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Could you use some time in the Anger Room?

Photographer: Chris Hart/Thinkstock

Does your home or workplace need an "anger room"?

A Texas business called the Anger Room offers a space for customers to vent their pent-up frustrations by smashing, hitting, kicking and throwing around office equipment, furniture and household items. After a bad day, they can don a safety hat, pick up a bat and step into the Anger Room, where they can freely throw a tantrum.

Founder Donna Alexander, a former call-centre employee, told NBC 5 Dallas-Fort Worth she came up with the idea for the business, having had first-hand experience with needing to blow off steam.

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"Any type of call-centre situation, you can get verbal lashing," she told the broadcaster. "You can get called stupid; it's all your fault."

Ms. Alexander, who created the business out of her garage four years ago, recently moved the Anger Room to a north Dallas storefront. For $25 for five minutes, customers can smash up television sets, throw printers against the wall and otherwise let their rage fly. So far, since the move, Ms. Alexander has reportedly had more than 300 customers, including restaurant employees, hospital workers, attorneys, psychiatrists and their patients.

The common reasons they give for visiting are problems with their bosses or romantic partners.

Everyone leaves tired and smiling, NBC 5 reports.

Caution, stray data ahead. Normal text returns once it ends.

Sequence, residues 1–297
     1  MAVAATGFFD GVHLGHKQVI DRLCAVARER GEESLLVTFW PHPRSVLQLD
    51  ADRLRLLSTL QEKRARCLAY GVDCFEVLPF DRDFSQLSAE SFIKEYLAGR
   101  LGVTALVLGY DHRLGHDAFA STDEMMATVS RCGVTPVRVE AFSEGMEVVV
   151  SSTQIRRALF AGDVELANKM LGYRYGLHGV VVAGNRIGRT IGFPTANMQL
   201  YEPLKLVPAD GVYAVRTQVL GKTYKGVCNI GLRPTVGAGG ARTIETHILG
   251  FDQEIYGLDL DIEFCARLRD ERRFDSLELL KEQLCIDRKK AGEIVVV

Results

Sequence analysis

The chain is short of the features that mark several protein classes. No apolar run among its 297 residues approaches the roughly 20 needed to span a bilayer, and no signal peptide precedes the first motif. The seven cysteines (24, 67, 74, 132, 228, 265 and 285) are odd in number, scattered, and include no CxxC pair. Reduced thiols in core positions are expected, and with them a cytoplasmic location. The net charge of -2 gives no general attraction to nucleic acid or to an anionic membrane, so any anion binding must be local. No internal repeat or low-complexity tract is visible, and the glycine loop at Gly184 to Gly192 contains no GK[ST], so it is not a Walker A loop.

But instead of lashing out, science suggests practising self-control may be a better way of dealing with anger. According to a new research review, published in the journal Current Directions of Psychological Science, people tend to behave more aggressively when they're forced to control themselves. However, the authors found self-control can be strengthened like a muscle and, over time, people who practised self-control were better able to keep their aggression in check.

"It's just like practising anything, really – it's hard at first," co-author Thomas Denson of the University of New South Wales said in a press release. But, he said, over time, it can ease one's struggles with anger and the desire to respond with violence.

How do you cope when you've had a bad day?

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About the Author

Wency Leung is a general assignment reporter for the Life section. Before joining The Globe in early 2010, she has worked as a reporter in Vancouver, Prague, and Phnom Penh. More

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